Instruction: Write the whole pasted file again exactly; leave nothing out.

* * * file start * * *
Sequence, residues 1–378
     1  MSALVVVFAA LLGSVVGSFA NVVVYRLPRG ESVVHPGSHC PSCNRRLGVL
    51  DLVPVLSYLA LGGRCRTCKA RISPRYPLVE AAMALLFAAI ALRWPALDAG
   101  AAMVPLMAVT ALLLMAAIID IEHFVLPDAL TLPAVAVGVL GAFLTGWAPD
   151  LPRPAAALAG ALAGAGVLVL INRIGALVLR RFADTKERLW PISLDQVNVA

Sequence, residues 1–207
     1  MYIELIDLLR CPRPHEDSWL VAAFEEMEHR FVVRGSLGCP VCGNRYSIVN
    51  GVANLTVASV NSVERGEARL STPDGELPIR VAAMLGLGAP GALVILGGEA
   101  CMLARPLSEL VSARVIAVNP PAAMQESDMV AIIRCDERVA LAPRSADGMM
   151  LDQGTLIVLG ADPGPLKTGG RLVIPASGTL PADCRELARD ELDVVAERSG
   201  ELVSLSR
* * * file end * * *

Sequence, residues 1–378
     1  MSALVVVFAA LLGSVVGSFA NVVVYRLPRG ESVVHPGSHC PSCNRRLGVL
    51  DLVPVLSYLA LGGRCRTCKA RISPRYPLVE AAMALLFAAI ALRWPALDAG
   101  AAMVPLMAVT ALLLMAAIID IEHFVLPDAL TLPAVAVGVL GAFLTGWAPD
   151  LPRPAAALAG ALAGAGVLVL INRIGALVLR RFADTKERLW PISLDQVNVA

Sequence, residues 1–207
     1  MYIELIDLLR CPRPHEDSWL VAAFEEMEHR FVVRGSLGCP VCGNRYSIVN
    51  GVANLTVASV NSVERGEARL STPDGELPIR VAAMLGLGAP GALVILGGEA
   101  CMLARPLSEL VSARVIAVNP PAAMQESDMV AIIRCDERVA LAPRSADGMM
   151  LDQGTLIVLG ADPGPLKTGG RLVIPASGTL PADCRELARD ELDVVAERSG
   201  ELVSLSR